● The proportion of adults in rural areas working should rise from 29 % to 40 %.
● The labour force participation rate should rise from 54 % to 65 %.
● Gross Domestic Product (GDP) should increase by 2.7 times in real terms, requiring average annual GDP growth of 5.4 % over the period. GDP per capita should increase from about from about R50,000 per person in 2010 to R110,000 per person in 2030 in constant prices.
● The proportion of national income earned by the bottom 40 % should rise from about 6% today to 10% in 2030.
● Broaden ownership of assets to historically disadvantaged groups.
● Exports (as measured in volume terms) should grow by 6% a year to 2030 with non-traditional exports growing by 10% a year.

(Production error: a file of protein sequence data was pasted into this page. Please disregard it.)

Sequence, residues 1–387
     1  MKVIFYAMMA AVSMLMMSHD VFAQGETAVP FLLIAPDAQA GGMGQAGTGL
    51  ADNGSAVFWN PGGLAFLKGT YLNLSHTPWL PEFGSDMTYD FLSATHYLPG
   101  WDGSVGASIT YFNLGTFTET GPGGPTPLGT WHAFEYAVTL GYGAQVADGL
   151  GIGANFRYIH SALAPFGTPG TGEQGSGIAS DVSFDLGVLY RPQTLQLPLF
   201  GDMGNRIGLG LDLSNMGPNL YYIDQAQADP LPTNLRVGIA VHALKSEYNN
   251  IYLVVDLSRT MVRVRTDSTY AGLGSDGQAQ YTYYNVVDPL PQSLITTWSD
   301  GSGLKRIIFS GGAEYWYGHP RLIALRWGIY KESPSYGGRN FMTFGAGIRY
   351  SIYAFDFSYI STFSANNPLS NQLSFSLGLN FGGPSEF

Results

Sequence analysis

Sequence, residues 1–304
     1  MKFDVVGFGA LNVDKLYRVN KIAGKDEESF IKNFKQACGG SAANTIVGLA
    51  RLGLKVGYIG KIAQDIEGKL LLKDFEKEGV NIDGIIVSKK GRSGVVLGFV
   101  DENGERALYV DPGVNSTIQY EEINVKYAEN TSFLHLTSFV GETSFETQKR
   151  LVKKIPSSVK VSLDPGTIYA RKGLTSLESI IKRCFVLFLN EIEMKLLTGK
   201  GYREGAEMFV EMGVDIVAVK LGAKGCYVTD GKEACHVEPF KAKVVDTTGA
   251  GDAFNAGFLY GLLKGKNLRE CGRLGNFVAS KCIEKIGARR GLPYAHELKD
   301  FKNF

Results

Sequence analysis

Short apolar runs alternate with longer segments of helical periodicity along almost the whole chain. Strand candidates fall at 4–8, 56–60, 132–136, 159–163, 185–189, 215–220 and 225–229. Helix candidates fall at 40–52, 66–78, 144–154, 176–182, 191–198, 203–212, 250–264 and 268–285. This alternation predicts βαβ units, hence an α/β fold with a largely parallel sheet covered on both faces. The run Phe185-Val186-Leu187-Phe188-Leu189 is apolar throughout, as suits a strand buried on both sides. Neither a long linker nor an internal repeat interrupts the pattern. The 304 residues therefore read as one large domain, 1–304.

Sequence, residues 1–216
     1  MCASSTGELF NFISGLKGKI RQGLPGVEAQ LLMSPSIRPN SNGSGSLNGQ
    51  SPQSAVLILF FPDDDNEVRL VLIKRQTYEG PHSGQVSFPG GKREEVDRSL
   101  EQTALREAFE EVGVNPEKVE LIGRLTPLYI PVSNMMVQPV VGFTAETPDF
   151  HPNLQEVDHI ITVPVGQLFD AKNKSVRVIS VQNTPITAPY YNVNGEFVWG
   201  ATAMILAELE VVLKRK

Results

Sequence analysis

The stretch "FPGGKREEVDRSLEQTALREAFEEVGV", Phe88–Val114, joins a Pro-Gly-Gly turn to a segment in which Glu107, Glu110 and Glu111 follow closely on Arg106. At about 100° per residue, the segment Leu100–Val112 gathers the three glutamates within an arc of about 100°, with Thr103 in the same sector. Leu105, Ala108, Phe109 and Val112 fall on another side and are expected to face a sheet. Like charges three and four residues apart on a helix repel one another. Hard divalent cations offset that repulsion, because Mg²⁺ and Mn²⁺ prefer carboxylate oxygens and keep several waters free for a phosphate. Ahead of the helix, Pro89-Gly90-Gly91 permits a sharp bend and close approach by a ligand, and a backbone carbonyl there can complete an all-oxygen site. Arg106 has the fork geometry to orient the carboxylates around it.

● [And South Africa should] Increase national savings from 16% of GDP to 25%.
But the NDP remains rather shy about saying where the funding for all of this expansionary policy is going to come from, other than effectively relying upon the buoyancy of the next great commodity boom cycle. And so, in attempting to align national budgetary and tax policies to those NDP goals, Gordhan has also had to cope with the realities of the contemporary economic universe. National economic growth is significantly below earlier expectations, the government budget is increasingly in the red, inflation is nudging upwards towards 6%, and the country’s current account deficit has been growing alarmingly as well.